The idea of Williamsburg used to bring to mind designer pickles.
But that was in the aughts: These days high-end stores peddling bespoke hats and million-dollar waterfront highrises now sit beside bodegas and other not-so-lofty businesses.
So is Williamsburg—once the territory of true hipsters—becoming haute and (gasp!) possibly more of a high society enclave than a gathering of the freaks? If the current residents serve as any indication, then the answer would be a loud and resounding Yes. Because if the Brooklyn neighborhood is good enough for the likes of Lake Bell, Pat Kiernan, and Zoe Kravitz—then it’s good enough for us mere mortals.
According to an employee at Paul Smith’s Williamsburg outpost, the change in customer traffic is astounding: “…Especially the last three years of being here, Grand Street has become much more of a destination than it was…an average weekend now versus three years ago, there’s just a huge difference, it’s pretty dramatic.”
Business is certainly booming for luxury condominiums and designer clothing stores alike—so much so that it’s hard to ignore the rapid demographic shift of Williamsburg. As former die-hard Manhattanites move into the neighborhood, high-end stores are chasing after their coattails and their tastes. Take Lauren Haim, a former Chelsea resident who now lives in Williamsburg: “…Since being here for two and a half years I can name fifteen apartment buildings that have just popped up…It still doesn’t feel like you’re in Manhattan, some of the major streets still have stop signs which is nice and you still get a little bit of the charm. I hope that doesn’t go away but I think all these luxury high-rises has to come with luxury commercial and retail business as well.”
And there’s no question that the dial in Williamsburg is ticking towards haute. On a stroll through Williamsburg’s streets, it’s difficult to ignore Pork Pie Hatters, By Robert James, and Jane’s Closet—all independent high-end boutiques. As if that weren’t enough, there’s also the four-star Wythe Hotel, Blue Bottle Coffee, Pilgrim Surf + Supply, Brooklyn Oenology, and more. (Because everyone knows a New York City neighborhood isn’t luxe without a place that sells $5 iced coffees).
Not only have the storefronts changed, but the built-environment has undergone a facelift as well. Following the rezoning of Williamsburg’s waterfront in 2005, several high-rise condominiums were erected, radically changing the appearance and texture of the neighborhood. This newer part that lies along the East River, aptly named “Edge Neighborhood,” brings to mind the manicured setting of Manhattan’s Battery Park City.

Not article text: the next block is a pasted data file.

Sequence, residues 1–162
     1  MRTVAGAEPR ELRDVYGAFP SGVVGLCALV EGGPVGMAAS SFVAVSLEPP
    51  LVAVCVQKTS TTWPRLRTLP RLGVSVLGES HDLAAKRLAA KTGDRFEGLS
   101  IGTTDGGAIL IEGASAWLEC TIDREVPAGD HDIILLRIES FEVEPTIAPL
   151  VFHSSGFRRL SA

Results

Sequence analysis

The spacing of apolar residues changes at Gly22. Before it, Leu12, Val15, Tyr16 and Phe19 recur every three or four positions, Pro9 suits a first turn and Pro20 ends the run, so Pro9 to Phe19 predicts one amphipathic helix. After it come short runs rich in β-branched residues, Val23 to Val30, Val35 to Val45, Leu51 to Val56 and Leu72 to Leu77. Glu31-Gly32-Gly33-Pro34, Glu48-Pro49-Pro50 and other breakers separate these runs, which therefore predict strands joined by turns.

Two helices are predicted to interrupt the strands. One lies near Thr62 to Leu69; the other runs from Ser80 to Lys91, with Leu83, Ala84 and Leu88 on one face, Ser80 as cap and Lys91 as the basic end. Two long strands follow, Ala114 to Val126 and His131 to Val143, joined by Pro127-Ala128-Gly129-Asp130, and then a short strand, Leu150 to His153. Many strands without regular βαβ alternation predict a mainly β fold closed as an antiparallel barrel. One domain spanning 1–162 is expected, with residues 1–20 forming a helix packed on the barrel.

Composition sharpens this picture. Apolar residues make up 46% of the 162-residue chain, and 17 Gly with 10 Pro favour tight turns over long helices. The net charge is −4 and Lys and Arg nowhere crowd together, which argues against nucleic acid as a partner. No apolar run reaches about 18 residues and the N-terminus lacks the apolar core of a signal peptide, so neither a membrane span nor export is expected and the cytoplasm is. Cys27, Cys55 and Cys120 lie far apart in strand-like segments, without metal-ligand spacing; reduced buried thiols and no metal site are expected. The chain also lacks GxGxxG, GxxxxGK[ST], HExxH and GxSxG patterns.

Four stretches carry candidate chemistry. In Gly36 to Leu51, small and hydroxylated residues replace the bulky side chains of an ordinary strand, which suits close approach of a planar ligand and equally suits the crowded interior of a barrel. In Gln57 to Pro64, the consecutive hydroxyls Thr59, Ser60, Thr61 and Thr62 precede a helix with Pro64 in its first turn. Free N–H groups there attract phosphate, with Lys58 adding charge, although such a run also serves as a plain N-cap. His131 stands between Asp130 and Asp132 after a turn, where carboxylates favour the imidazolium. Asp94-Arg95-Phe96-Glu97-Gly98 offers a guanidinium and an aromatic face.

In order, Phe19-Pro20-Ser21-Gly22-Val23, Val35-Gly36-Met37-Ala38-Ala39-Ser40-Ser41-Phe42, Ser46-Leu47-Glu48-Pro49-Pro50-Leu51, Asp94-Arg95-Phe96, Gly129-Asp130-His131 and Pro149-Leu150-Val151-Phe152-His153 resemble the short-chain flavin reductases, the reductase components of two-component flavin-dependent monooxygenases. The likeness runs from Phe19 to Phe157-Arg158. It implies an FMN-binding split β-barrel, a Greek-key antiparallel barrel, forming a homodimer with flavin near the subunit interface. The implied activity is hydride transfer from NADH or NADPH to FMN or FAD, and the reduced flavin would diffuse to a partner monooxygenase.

The luxury condos (developed by Douglaston Development) and the higher-end stores catering to the gentrified tastes—especially in “North Williamsburg”—are all representative of the shift that has been altering the neighborhood over the past decade. With the rapid changes mounting, one could argue that it’s certainly not the grungy Williamsburg of ten years ago. This new enclave, “Hauteberg,” seems to have figured out a way to meld the Lucullan culture of Manhattan into its fabric without losing its hipster vibe, retaining its galleries, such as Cinders, Pierogi 2000, and Graphite. There are also the concert venue mainstays—such as Brooklyn Bowl, Union Pool, Glasslands Gallery, and Knitting Factory, which have allowed the neighborhood to keep its Bohemian vibe.
In fact, this phenomenon seems to have worked its magic on the weekend crowd. As a resident of Greenpoint who works in Williamsburg noticed, “On the weekends there’s a lot more people coming in from Manhattan and the younger people that flocked here when Williamsburg became cool are now saving up their own money and opening up their own small businesses.”
According to Kai D, owner of Williamsburg’s Kai D. boutique, this boom has also drawn heavier crowds of Manhattan customers, particularly on the weekends. But the stores that these customers are drawn to seem to be those that are cut from Williamsburg’s cloth. “A lot of the customers are people who are living here, they prefer to see stores like us as opposed to just another national chain store that you see in Manhattan.”
Though Williamsburg may be turning into a mini-Manhattan of sorts, the local clients’ tastes have kept the neighborhood from going too far in that direction. Its homegrown businesses, artisanal clothing stores, luxury condos, and tasteful restaurants makes Williamsburg something else altogether—a “Hauteberg” of its own making.